Kōrero Pono, a project launched by advocacy group JustSpeak, is aimed at challenging the stigma faced by people who have been affected by the criminal justice system. Through this project, JustSpeak seeks to build awareness of the collateral consequences of imprisonment on people, whānau and communities.
The exhibition will feature sixteen portraits of storytellers by a diverse group of artists and photographers from around Aotearoa, including Marianne Muggeridge, Sophia Minson, Xoe Hall and John Crawford. The portraits will be displayed alongside excerpts from interviews with the storytellers conducted by JustSpeak staff and volunteers.
“At a time when the Government is reckoning with the failures of the criminal justice system to prevent more harm, we think it’s crucial that the voices of people with first hand experience of this system are heard”, said JustSpeak Director Tania Sawicki Mead.
“JustSpeak has connected storytellers with artists and photographers to share these true stories that are largely excluded from public discourse.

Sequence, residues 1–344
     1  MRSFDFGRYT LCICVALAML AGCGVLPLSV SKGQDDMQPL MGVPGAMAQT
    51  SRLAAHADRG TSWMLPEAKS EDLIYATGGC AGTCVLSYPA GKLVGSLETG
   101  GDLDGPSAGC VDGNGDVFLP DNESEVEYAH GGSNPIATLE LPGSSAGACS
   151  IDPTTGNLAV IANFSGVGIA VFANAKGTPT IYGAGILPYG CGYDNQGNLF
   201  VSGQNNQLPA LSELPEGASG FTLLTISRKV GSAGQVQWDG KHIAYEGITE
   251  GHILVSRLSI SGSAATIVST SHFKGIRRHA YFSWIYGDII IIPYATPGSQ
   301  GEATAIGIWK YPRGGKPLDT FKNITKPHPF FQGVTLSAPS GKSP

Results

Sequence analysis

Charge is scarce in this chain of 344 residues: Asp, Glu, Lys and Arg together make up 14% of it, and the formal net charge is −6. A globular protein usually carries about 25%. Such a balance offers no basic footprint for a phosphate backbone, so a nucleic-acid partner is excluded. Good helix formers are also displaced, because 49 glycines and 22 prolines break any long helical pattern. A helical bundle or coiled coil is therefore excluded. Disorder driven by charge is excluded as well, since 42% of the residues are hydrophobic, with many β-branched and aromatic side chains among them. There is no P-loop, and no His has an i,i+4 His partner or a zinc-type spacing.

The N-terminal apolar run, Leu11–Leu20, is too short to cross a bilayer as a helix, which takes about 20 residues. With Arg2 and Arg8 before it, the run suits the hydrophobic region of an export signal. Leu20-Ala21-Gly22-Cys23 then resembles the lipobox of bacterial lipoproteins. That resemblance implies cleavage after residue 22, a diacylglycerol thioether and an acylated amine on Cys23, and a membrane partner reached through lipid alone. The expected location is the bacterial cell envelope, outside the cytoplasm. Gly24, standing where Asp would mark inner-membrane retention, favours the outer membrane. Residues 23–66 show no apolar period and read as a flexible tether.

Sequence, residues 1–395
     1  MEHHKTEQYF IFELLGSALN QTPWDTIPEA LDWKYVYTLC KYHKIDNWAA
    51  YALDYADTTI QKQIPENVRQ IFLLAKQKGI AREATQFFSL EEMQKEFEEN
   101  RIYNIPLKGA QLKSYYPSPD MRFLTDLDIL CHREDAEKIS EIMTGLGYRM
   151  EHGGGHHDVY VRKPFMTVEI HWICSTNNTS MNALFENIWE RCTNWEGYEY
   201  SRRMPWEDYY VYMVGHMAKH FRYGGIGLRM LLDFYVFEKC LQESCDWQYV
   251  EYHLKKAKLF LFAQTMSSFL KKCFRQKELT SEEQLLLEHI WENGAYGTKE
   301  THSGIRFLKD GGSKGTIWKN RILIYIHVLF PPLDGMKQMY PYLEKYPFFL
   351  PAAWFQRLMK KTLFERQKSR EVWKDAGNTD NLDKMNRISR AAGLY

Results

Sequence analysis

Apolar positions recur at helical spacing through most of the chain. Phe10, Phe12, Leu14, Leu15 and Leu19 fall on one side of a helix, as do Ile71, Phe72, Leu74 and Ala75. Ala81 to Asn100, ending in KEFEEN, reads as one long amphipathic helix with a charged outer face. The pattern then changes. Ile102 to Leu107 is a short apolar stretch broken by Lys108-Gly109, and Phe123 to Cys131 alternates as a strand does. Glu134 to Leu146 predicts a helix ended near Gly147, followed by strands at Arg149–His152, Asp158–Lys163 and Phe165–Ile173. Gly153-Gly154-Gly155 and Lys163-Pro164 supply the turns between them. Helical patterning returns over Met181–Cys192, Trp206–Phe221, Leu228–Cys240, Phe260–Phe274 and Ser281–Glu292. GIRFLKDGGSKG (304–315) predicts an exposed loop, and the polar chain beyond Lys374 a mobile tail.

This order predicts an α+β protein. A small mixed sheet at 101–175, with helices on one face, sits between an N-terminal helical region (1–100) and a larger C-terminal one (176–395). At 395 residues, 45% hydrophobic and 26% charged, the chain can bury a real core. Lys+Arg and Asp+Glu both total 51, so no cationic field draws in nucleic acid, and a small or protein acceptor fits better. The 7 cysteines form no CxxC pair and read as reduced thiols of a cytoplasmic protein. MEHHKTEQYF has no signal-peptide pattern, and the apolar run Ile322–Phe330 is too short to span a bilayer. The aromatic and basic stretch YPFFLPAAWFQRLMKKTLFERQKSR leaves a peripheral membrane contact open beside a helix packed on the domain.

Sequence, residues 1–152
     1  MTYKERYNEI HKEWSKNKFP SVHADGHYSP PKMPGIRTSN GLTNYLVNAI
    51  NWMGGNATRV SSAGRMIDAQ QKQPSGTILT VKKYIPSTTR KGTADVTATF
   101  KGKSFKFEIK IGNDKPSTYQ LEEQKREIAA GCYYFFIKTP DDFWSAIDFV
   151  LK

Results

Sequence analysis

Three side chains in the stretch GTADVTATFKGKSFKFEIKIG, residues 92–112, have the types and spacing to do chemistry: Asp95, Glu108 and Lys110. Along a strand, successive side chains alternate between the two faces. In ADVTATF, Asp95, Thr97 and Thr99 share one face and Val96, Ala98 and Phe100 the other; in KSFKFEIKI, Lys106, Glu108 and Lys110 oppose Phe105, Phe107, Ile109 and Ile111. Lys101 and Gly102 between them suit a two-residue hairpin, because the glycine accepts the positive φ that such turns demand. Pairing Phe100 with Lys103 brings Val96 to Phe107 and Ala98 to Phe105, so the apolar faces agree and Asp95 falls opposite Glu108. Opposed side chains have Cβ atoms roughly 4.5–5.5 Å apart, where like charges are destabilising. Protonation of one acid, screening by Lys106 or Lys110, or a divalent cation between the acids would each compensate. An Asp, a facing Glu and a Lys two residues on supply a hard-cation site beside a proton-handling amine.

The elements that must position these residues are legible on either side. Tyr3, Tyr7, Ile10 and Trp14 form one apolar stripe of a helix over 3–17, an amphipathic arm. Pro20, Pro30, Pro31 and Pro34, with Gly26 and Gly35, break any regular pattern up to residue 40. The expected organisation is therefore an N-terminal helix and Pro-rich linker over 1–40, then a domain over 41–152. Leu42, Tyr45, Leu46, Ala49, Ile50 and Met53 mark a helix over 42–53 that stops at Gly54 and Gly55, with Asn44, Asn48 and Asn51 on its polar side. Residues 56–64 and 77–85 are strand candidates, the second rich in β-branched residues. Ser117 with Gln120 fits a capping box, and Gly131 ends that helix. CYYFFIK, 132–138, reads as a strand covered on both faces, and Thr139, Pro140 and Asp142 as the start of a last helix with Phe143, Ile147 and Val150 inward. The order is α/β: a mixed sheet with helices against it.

“By giving voice to to those most affected, and by chaperoning their stories into the public sphere, we hope to bridge the gap between ‘them’ and ‘us’, and show how everyone is worthy of care, and everyone has a story worth hearing.
“The stories of Kōrero Pono make clear that locking more people up for longer is not helping to reduce harm in our communities. In many cases it is making things worse by entrenching cycles of violence and hardship, and creating further barriers to accessing health and rehabilitation services.
“We can hear from these stories that the mass incarceration of Māori whānau, and the pipeline from state care to prison, have created a legacy of hurt and harm spanning many generations."77% of people currently in prison are themselves victims of violence. Our storytellers share with us in their own words how important it is that we invest in solutions that help to resolve harm, rather than believing that punishment will provide accountability.
“These stories speak to the long term consequences of prison on family members, on job prospects, and our collective failure to address the drivers of harm such as family violence, drug and alcohol addiction, and mental distress.
“We are heartened to see current progress towards evidence-based change in our justice system, and the stories in this exhibition confirm that as a community, we can do so much better. We want and need a society based on compassion and fairness.
The exhibition will be online at www.justspeak.org/koreropono and at Potocki Paterson Gallery, Level 1, 41 Dixon St, Wellington, from the 16th - 26th October. Opening times will vary, please check the website for further details.